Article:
2

While the text explicitly states that Zeresh was involved in the plot to kill Mordechai (5:14), it never states that Haman's sons did anything wrong. If Korach's sons can end up being meritorious, why couldn't Haman's if they did nothing wrong independently?

By the end, the ten sons have been hanged and Zeresh hasn't. I know that there is the medrash that Zeresh leaves and is reduced to beggary as per this answer, but that answer indicates that 70 sons remain. So what did these 10 do which merited their death?

  • 1
    Why ask about these ten and not the other 800 killed in shushan? – Double AA Mar 24 '16 at 18:28
  • 1
    Because the medrash distinguishes them from the other 70 sons and the mother who is textually implicated and the text isolates them instead of including them in the overall count. – rosends Mar 24 '16 at 18:30
  • @DoubleAA I was wondering this earlier. How did the Jews know whom to kill? It would seem from the text that the 10,000 talents of silver (3:9) may have been dispersed ahead of time, paying them for their anticipated act of murder. That would be a clear indication of who was involved... – Isaac Kotlicky Mar 24 '16 at 18:55
3

Seder Olam, 29 seems to present a reason when states that they were the ones who had written accusations against the inhabitants of Judah and Jerusalem in Ezra 4:6.

1

I don't (yet) have a source for this answer; but, perhaps "[Haman's] beloved ones" (אהביו; Esther 5:14) who, along with Zeresh, suggested to hang Mordekha'i, refers to his ten sons who were hanged by order of Queen Esther.

  • 1
    But Zeresh, who is named explicitly, is not hanged? – rosends Mar 24 '16 at 23:17
  • @Danno Fair question; but, maybe a separate one in its own right? – Lee Mar 24 '16 at 23:20
1

The megilla states that the second decree was that the Jews were allowed to defend themselves and that the original decree could not be revoked. It would appear that the people killed were the ones who took advantage of the first decree to attack the Jews. The implication is that the police were forbidden by the two decrees to interfere on an official basis, though it also appears that individuals could join the Jews on a personal level.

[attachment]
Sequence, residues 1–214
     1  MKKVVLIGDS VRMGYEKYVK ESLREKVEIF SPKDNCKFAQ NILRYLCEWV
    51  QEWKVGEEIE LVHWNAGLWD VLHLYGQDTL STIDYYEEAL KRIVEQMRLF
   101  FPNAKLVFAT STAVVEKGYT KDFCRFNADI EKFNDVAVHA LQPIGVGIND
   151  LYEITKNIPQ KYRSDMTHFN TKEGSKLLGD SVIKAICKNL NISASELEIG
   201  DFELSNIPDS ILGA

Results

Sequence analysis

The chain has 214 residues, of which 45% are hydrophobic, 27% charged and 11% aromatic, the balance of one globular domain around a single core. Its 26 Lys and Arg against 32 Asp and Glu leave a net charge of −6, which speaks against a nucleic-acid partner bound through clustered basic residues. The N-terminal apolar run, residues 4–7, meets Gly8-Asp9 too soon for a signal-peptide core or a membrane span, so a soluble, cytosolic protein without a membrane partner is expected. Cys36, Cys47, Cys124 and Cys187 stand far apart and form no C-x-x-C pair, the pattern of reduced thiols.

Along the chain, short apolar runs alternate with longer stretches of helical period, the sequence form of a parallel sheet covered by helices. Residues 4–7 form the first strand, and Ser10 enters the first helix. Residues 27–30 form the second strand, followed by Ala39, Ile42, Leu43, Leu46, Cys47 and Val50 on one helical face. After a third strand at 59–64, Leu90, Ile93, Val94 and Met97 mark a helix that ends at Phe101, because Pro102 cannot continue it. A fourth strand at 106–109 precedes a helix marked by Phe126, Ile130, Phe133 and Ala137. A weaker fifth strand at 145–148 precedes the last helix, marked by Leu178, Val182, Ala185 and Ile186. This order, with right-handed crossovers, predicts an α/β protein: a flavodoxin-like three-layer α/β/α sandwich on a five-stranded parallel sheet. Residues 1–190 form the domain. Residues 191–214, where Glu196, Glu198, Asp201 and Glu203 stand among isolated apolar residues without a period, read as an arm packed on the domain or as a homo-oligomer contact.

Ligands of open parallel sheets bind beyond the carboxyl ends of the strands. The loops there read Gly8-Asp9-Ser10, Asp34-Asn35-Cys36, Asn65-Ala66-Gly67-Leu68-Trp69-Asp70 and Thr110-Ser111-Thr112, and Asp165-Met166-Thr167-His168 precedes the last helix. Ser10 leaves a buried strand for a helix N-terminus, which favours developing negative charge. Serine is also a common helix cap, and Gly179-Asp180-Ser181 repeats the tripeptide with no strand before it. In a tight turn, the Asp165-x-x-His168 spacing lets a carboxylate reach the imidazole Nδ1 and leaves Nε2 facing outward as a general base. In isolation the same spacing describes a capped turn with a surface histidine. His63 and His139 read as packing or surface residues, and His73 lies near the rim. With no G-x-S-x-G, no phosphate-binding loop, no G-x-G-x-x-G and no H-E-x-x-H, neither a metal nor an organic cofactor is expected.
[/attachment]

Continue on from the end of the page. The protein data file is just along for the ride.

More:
This would mean that everyone was given free rein on that day and would not suffer the penalty for murder.

The ten sons of Haman appear to have been the ones who were actively involved with their father in his plots. From the way it says that "they were hanged" and that they were left hanging on the second day, it would seem that they were hanged by the decree of Achashveros. Those killed by the Jews were not hanged, but killed in the fighting. That would be why they are separated in the megilla.

My son provided this Bonus Gematriah for Purim

1) 500 people were killed in Shushan, everywhere else, they killed 75,000 people

2) Achshveirosh ruled over 127 countries and if we assume Shushan was one of them, then it comes out that in the remaining 126 countries, they killed 75,000 people.

3) If you do the math (175,000/126), we see each country killed 595 people , which equals 74,970.

4) In Shushan they killed 500 + Haman. Haman is gematriah 95. So in every other country they needed to kill 595 to match what happened in Shushan.

5) You still have to account for an extra 30 people killed. (75,000‐74,970=30). The Medrash says Haman had 30 sons. 10 were hung, 10 were killed and 10 were beggars. We know a poor person is like a dead person. In order to make up the 30 sons killed, an extra 30 people were killed.

  • Since they were then killed by decree, they were not killed in fighting and posed no war-time threat like the others. While we might surmise that they did something, I wonder why it is left unexplained, while Zeresh, who clearly was involved, is only explained in the medrash as escaping and becoming poor (NOT PUR...). – rosends Mar 24 '16 at 20:15
  • @Danno Probably it was left unexplained because it did not have a connection to the story. Since they were killed because of their father, that would have been sufficient (in those times) to be understood. – sabbahillel Mar 24 '16 at 20:17
  • The author of Maoz Tzur says that most of his children were hung from the עץ, rather than 1/3. – Noach MiFrankfurt Mar 24 '16 at 21:28
  • @NoachmiFrankfurt Yes but the medrash that my son was citing said it was divided as explained. – sabbahillel Mar 25 '16 at 1:31
  • @NoachmiFrankfurt Not that many of thew English translations say "his multitude of sons and his household" thus besides being non-literal, it does not say "most" – sabbahillel Mar 25 '16 at 1:52

You must log in to answer this question.

Not the answer you're looking for? Browse other questions tagged .